HISTORY OF THE JEWS, VIEWED IN CONNECTION WITH PRO
PHECY, FROM THE BABYLONISH CAPTIVITY TO THE COMING OF CHRIST AND DESTRUCTION OF JERUSALEM.
BY REV. ALEXANDER N. SOMERVILLE,
“O Jerusalem, Jerusalem, thou that killest the prophets, and stonest them which are sent unto thee, how often would I have gathered thy children together, even as a hen gathereth her chickens under her wings, and ye would not! Behold, your house is left unto you desolate.”—Matt. xxiii. 37, 38. THE portion of history prescribed for our consideration this evening is one of great extent. It comprises a period of above six hundred years, and reaches from the Babylonish captivity to the destruction of Jerusalem. It will be impossible for us to give any thing beyond an outline of this complicated period of Israel's history. We regret this the more, because the materials of our narrative are, in a great measure, imbedded in the pages of uninspired writing, and therefore cannot be familiar to you like those which lie scattered in profusion over the hallowed field of God's own word.
The events which, from their prominence in the history, we shall take as landınarks to guide us on our path this evening, are these :
I. The captivity in Babylon.
II. The return of Judah to their own land; the rebuilding of the temple and wall of Jerusalem; and the revival of religion under Ezra and Nehemiah.
III. The persecution of the Jews under Antiochus Epiphanes, king of Syria, the rise and noble achievements of the Maccabees.
IV, The birth, life, and death of the Lord Jesus Christ.
V. The destruction of Jerusalem and the Jewish state by the Romans.
I. There can be no question that it was the iniquity of Jerusalem which made her gates desolate and sent her children in bondage into a foreign land. It is the acknowledgment of this which casts such a ray of interest over the sighs and lamentation of the daughter of Zion. “Is it nothing to you, all ye that pass by? behold and see if there be any sorrow like unto my sorrow. Hear, I pray you, all people, and behold my sorrow: my virgins and my young men have gone into captivity. The Lord is righteous, for I have rebelled against his commandments.” Lam. i.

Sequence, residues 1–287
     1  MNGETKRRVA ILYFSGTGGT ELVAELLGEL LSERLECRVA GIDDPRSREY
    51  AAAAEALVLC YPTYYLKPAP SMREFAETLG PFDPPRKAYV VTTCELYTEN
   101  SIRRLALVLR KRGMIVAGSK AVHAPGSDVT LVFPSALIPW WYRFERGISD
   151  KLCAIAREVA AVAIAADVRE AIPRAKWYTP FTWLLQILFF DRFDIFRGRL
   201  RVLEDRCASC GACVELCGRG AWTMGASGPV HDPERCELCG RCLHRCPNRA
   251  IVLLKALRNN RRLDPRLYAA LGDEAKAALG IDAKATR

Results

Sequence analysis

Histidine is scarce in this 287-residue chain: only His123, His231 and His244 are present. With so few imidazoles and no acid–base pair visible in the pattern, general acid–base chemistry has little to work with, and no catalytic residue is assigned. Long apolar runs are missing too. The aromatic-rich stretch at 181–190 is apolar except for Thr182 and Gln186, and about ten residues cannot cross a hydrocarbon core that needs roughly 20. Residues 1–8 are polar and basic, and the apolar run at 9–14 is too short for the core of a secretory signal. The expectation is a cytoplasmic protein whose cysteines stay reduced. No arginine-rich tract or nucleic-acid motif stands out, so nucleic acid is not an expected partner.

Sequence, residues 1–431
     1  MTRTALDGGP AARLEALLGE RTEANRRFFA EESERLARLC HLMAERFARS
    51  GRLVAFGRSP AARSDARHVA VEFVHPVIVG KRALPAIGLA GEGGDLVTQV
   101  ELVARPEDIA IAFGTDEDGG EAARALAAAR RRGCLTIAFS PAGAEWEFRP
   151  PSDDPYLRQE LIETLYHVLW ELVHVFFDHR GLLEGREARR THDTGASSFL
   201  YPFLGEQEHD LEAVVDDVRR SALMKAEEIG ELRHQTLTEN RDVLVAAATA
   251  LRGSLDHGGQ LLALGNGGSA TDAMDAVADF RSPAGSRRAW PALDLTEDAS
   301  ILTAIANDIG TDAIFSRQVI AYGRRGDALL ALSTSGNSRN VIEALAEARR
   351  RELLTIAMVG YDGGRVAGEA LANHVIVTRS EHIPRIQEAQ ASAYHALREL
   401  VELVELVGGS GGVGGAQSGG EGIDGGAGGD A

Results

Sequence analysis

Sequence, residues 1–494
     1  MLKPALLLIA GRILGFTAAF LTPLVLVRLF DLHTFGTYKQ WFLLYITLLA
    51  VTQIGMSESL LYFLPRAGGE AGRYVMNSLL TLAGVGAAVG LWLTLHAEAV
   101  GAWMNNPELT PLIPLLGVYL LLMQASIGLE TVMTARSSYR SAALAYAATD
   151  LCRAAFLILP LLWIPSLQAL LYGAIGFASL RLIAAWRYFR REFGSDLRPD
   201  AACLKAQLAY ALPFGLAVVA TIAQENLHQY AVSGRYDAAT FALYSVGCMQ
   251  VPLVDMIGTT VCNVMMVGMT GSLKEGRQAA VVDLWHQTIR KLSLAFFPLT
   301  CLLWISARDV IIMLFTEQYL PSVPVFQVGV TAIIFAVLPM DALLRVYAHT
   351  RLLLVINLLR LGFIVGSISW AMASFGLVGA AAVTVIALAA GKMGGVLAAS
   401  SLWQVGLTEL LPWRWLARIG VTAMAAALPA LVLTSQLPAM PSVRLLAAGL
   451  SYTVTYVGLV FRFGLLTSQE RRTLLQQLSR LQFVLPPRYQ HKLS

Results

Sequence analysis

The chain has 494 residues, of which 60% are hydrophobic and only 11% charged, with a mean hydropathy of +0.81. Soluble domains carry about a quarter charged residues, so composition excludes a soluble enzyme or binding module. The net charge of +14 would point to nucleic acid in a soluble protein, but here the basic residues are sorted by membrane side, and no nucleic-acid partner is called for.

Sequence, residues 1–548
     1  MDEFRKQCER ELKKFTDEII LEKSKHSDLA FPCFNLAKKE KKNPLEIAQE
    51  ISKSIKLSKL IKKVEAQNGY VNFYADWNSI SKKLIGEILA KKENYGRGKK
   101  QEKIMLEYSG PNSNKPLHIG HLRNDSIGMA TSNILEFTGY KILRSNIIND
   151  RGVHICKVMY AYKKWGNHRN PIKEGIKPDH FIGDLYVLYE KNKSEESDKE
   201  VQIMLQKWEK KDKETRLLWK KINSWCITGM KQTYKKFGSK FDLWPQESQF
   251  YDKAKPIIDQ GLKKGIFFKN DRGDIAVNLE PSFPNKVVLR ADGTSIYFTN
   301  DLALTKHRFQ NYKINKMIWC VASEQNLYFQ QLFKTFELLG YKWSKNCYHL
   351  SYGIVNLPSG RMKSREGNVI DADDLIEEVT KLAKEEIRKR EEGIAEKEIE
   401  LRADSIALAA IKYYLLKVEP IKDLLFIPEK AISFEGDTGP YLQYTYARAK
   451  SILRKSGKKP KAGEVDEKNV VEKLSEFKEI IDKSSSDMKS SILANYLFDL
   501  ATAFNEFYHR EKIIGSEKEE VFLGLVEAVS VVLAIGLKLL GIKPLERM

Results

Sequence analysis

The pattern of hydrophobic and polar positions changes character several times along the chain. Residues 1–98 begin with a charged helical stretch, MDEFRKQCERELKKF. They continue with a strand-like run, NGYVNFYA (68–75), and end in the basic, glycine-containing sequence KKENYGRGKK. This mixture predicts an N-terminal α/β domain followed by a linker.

True, however, as this is, the Lord had another purpose to serve in transplanting his people from the land of their fathers, to blossom and yield their fragrance amid the wild wastes of the gentiles. The time for Emmanuel's appearance was hastening on, and the way which had been preparing for him since the days of Eden, was now further to be paved by the mission of Judah's captives among the heathen, to make known the God of Israel, and as a voice in the wilderness to proclaim the coming of Him“ in whom all nations of the earth shall be blessed."
Our information regarding the condition of the great body of the captives is somewhat scanty. Upon the whole, however, their state seems to have been happy. It is true that many of them seem to have been sold for slaves, (Nehem. v. 8,) and that sometimes their spoilers made their wounds bleed afresh by compelling the minstrels of Israel to tune their melancholy harp in the gardens of Babylon, and regale their impious ears with Zion's plaintive but sacred songs; so that with heart-broken accents we hear them exclaim, “ By the rivers of Babylon there we sat down, yea we wept when we remembered Zion; we hanged our harps on the willows in the midst thereof; for there, they that carried us away captive, required of us a song, and they that wasted us required of us mirth,